How to Clean a Tent (And Other Tent Care Tips!)

How to Clean a Tent (And Other Tent Care Tips!)

Taking good care of your tent will greatly improve its life.

Although this includes many things, including proper storage and regular maintenance, the most important factor is keeping the store clean.

Fortunately, cleaning the tent (both in the field and at home) is not that difficult.

Today, we’ll break down exactly how to clean your tent, as well as some other tent care basics.

Field Store Care

Camp preparation

Follow these tips when setting up campers to improve the life of your tent:

  • Debris Removal – After you have found a flat, level place to pitch your tent, remove any large debris such as branches, pinecones, and rocks from under where you are going to pitch your tent.
  • Use a ground cloth – an extra layer under your tent will work wonders to keep it in top condition. Use a ground cloth, such as a tent tread or tarp, under your tent.
  • Look for shade – UV rays, especially at peak times of the day and for several days in a row, can do serious damage to the fabric of your tent. So pitch your tent in the shade if possible (this also helps keep your tent cool).

Following these basic tips for setting up your tent will help you keep your tent clean.

using your store

The cleanliness of the tents is just as important as the correct use of the tent while camping as the proper preparation of the tent:

  • Bring a broom – If you are going camping in a car, a miniature broom and shovels are very helpful in keeping your tent clean, especially if you are camping with kids or a dog.
  • No food inside – do not bring food or drinks (other than water) inside your tent! Not only does this prevent spillage and keeps the tent clean, it’s also essential to avoid wildlife encounters.
  • Take off your shoes – Always leave your shoes outside the store to prevent them from getting dirty. This is one of the main reasons why I prefer the tent with a large vestibule and full coverage.

Personally, I like to quickly clean the tent for one minute every morning. I’ll shake the sleeping bags, do a quick wipe and clean up any spills (although I already said no food!). A quick camp cleaning really helps make cleaning your tent at home easier.

packing your tent

Finally, when it comes to tent care in the field, it is essential that you take a few minutes to properly pack your tent:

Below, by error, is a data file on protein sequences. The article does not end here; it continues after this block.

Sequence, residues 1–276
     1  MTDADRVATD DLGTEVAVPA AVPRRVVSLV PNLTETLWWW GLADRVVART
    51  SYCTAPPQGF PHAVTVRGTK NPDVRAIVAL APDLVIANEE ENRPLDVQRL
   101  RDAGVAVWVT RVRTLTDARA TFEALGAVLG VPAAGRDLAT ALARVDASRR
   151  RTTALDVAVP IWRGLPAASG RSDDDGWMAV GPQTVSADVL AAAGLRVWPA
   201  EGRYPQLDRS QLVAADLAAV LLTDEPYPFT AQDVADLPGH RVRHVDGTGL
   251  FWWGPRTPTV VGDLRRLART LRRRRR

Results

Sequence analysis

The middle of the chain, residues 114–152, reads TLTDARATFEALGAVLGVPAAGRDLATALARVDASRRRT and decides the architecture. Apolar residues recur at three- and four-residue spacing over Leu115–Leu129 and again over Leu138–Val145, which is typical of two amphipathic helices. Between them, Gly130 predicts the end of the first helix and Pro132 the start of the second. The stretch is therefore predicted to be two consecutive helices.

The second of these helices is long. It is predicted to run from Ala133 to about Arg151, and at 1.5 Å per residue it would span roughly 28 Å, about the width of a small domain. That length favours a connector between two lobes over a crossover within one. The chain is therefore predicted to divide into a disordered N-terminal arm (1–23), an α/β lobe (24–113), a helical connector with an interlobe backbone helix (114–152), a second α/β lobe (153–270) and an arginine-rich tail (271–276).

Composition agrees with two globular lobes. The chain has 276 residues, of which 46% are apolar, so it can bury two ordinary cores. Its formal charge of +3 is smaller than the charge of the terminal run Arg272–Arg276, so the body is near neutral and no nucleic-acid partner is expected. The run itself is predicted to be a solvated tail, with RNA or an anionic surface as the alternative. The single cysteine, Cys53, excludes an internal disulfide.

• Dispose of – Open the tent doors and get rid of large debris before disassembling the tent and putting it away.
  • Let It Dry If Possible – If your tent is wet, it is best to let it dry before returning it to your car. If it keeps raining or you have to go, at least try spreading it out in your car to make it easier to dry before you go home.
  • Roll Instead of Folding – You will probably do a good job of folding a tent, but roll it up is an easy way to prevent damage and improve the life of your tent.

Once you get home, take your tent out of your utility bag or storage bag. I talk more about store-appropriate storage below.

How to clean your store

Cleaning the tent may seem daunting, but it is actually very easy.

But as long as you use and store your tent properly, including cleaning up debris after each use, you’re not likely to need to wash it at all.

In fact, I rarely have to wash a tent. Instead, all it takes is a quick cleanup after a particularly dirty camping trip. Chances are if your tent needs a full wash, you haven’t been using it, or you are likely to store it properly.

I’ve had my current tent for five years and haven’t washed it yet. Sweeping and wiping them quickly, and most importantly letting them dry completely before putting them away was all I had to do to keep them in near mint condition, even though I go camping regularly in all weathers.

With that in mind, here’s exactly how to clean a tent in several different scenarios.

How to clean a dirty camping tent

First things first, let your tent air dry until completely dry.

Once you’re done, open the doors and windows and get rid of the remaining trash.

Usually, even if your tent is muddy from a rainy camping trip, most dirt and grime will be removed once it dries up.

At this point, I like to clean my tent with a non-abrasive sponge. Use cold water and non-detergent soap.

Clean your tent by hand and gently scrub the soiled areas until they are clean.

Pine sap and other sticky stains are a bit more complicated. But a good mineral oil or something like hand sanitizer should do the trick. Remember to rinse the tent when you are done.

For a heavily soiled tent, you can use a large bucket, bathtub, or sink to wash everything the same way (scrub by hand with a soft sponge, cold water, and non-detergent soap).

I have even tried washing a tent with the hose and it works fine. Just remember to use the softest setting possible if you are using a nozzle or wand.

And no matter which method you use, be sure to let your tent dry completely after cleaning!

How to clean a smelly tent

As mentioned many times, proper storage of your tent (ie letting it dry completely) is the number one way to combat bad odors.

But, if the smell starts in your tent, it is quite possible to clean it to remove the smell.

The most important thing is to always avoid using the washing machine. You’ll never want to wash a tent in the washing machine, as there is a high chance of damaging delicate fabrics.

Use the same method described above on how to clean a dirty tent.